No budget was passed by the September 30 deadline, and the government was funded by a series of seven continuing resolutions continuing funding at or near 2010 levels. The budget negotiations culminated in early April 2011, with a tense legislative standoff leading to speculation that the nation would face its first government shutdown since 1995. However, a deal containing $38.5 billion in cuts from 2010 funding levels was reached with just hours remaining before the deadline. The 2011 budget was enacted on April 15, 2011, as Public Law 112-10, the Department of Defense and Full-Year Continuing Appropriations Act, 2011.[5]

    Contents

     [hide

    [edit] History

    President Barack Obama proposed his 2011 budget during February 2010. He has indicated that jobs, health care, clean energy, education, and infrastructure will be priorities. Total requested spending is $3.83 trillion and the federal deficit is forecast to be $1.56 trillion in 2010 and $1.27 trillion in 2011. Total debt is budgeted to increase from $11.9 trillion in FY2009, to $13.8 trillion in FY2010, and $15.1 trillion in FY2011.[6][7]

    It was widely anticipated that a government shutdown on April 8, 2011 was possible if a budget resolution or a seventh continuing resolution was not passed by the expiration of the sixth continuing resolution on April 8, 2011,[8] which would have caused the furlough of 800,000 out of 2 million civilian federal employees.[9][10] However, a deal was reached with just hours remaining before the deadline, averting the shutdown. The deal included $38.5 billion in cuts from what had been budgeted for 2010, in addition to another $10 billion in cuts that had been imposed in some of the continuing resolutions.[11][12] However, the April 13 Congressional Budget Office estimate showed that, compared with then-current spending rates, the spending bill would cut federal outlays from non-war accounts by just $352 million through Sept. 30. About $8 billion in immediate cuts to domestic programs and foreign aid were offset by nearly equal increases in defense spending.[13]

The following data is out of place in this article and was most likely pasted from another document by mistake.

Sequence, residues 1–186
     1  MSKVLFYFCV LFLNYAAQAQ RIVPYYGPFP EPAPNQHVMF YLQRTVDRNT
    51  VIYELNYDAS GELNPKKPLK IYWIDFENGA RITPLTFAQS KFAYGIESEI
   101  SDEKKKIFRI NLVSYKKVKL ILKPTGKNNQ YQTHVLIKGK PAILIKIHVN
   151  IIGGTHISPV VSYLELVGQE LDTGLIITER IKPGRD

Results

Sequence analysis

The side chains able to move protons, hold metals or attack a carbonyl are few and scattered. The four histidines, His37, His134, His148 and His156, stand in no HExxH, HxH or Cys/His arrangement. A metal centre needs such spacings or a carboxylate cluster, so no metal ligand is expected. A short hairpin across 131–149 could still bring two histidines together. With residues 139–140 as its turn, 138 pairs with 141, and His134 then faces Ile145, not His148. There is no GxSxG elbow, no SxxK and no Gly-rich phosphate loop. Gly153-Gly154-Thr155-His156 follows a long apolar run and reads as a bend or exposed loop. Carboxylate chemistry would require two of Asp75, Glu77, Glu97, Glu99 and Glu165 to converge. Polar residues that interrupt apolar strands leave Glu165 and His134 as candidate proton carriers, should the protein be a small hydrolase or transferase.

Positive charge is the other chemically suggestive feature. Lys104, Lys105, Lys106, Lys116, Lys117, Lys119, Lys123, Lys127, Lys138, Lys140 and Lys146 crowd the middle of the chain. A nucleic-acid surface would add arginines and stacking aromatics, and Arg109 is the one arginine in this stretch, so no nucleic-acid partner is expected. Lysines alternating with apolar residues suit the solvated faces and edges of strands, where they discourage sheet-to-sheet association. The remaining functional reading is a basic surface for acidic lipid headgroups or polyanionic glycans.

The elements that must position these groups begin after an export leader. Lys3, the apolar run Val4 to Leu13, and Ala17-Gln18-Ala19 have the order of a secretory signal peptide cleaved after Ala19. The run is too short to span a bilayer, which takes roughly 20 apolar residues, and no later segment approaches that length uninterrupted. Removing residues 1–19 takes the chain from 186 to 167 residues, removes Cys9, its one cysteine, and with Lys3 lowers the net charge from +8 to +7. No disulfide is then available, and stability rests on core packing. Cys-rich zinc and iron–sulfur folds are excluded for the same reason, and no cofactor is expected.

[edit] Continuing resolutions

    Beginning in September 2010, Congress passed a series of continuing resolutions to fund the government.[14]

    • 1st Continuing Resolution, funding from October 1, 2010 through December 3, 2010, passed on September 29, 2010. (Pub.L. 111-242)
    • 2nd Continuing Resolution, funding through December 18, 2010, passed on December 2, 2010. (Pub.L. 111-290)[15]
    • 3rd Continuing Resolution, funding through December 21, 2010, passed on December 17, 2010. (Pub.L. 111-317)
    • 4th Continuing Resolution, funding through March 4, 2011, passed on December 21, 2010. (Pub.L. 111-322)[16]
    • 5th Continuing Resolution, funding through March 18, 2011, passed on March 2, 2011. (Pub.L. 112-4) This resolution cut $4 billion from 2010 spending levels.[17]
    • 6th Continuing Resolution, funding through April 8, 2011, passed on March 16, 2011. (Pub.L. 112-6) This resolution cut an additional $6 billion from 2010 spending levels.[18]
    • 7th Continuing Resolution, funding through April 15, 2011, passed on April 9, 2011. (Pub.L. 112-8) This continuing resolution followed a deal on the full annual budget which was made with just hours remaining before a government shutdown.[11] It itself contains an additional $2 billion in cuts.[12] Democrats had previously rejected a Republican-backed resolution passed by the House before the deal, which would have funded the government for another week and cut an additional $12 billion from 2010 levels.[19]

    [edit] Major initiatives

    The following initiatives were enacted in the final budget legislation: